This Capsule Hotel Both Minimises And Maximises Space With This Typically Japanese Concept

When DA Architects, a group of young designers in St. Petersburg, Russia, were asked to design the first capsule hotel in the city – they couldn’t wait to get started and put their own twist on this Japanese concept.

The InBox Capsule Hotel sits in the middle of the city of St. Petersburg on Mohovaya Street and spans 120m2. An ordinary hotel would struggle to fit many guests in but the InBox manages to fit 24 on by doing exactly what it’s name suggests: inviting guests to stay in small wooden bunks.

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The hotel took 8 months to build and mixes practical sleeping solutions, a functional space and slightly more homely touches to keep the interior from feeling too sterile or industrial.

Wooden bunks, comprising of a roll-down blind, a single bed and a plug socket, provide everything that the guest might need, with lockers, shared kitchens and bathrooms a few metres away.

Exposed, white-painted, brickwork give the space a cosmopolitan loft-like feel while contrasting the thick black walls and furniture and keeping the space, light and open.

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The hotel attracts travelers who are fascinated by the design of the hotel, or looking for somewhere central to return to after a day of exploring. It’s also popular with people on business trips, who are away for a day or two and just an inexpensive and convenient place to stay.

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We spoke to the quirky design studio about capsules, colours and challenges when designing a box hotel.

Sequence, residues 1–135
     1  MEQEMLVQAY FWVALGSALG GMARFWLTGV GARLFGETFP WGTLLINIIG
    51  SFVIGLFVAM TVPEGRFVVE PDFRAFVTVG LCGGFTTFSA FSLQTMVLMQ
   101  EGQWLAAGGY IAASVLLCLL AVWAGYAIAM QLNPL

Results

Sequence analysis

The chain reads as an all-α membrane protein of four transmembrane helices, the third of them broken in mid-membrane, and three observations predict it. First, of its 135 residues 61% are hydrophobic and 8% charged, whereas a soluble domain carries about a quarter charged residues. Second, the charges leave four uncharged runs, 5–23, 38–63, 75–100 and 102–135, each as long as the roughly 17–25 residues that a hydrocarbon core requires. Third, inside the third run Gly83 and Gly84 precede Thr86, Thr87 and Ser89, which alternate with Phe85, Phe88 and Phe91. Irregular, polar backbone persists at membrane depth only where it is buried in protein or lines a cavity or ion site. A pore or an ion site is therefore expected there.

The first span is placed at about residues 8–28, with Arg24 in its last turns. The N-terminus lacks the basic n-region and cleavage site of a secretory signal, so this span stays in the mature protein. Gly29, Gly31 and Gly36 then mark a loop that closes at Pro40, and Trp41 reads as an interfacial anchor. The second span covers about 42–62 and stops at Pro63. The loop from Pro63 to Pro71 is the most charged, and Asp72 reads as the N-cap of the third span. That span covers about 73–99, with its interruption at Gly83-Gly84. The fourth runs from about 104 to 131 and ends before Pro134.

The Plus: How have the hotels surroundings, and structure, influenced its design?
Anna Lvovskaya:
Not a lot, but we were trying to use more natural and warm materials and leave all the historical brick to get some “cozy-loftish” look.

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TP: Why do you that capsule hotels have worked so well in Japan and what will make it successful in Russia?
AL:
As we know, capsule hotels in Japan is more utilitary thing. People can get a rest there if they are coming late from work or something like that. In Russia, we have no experience in that segment, it’s new for us, so we can only guess.

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TP: What are the main materials used and why?
AL:
It’s wood, metal and brick walls. Walls were cleaned up and painted, because brick gives really good and solid texture with good historical vibes. To reach nice warm and minimalistic look we used wooden panels with metal constructions and got straight and clean lines.

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TP: What was the most challenging aspect of the design?
AL:
It was the whole technology, because we didn’t had much information about that type of hotels. Many things were invented from scratch. There was a lot of trouble to mix technology with the old buiding, because of the weight of capsule units.

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TP: Talk us through the colour scheme?
AL:
As we said, we used natural and warm materials with painted brick ( white and dark grey-blue ) to get some balance between warm and cool colors with fresh and bright accents ( yellow and soft blue lines ) that looks actually like mini city with different areas, but everything is quite solid.

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TP: Sum up the hotel in two sentences
AL:
Cozy and unusual space, bringing a new experience to our hotel market

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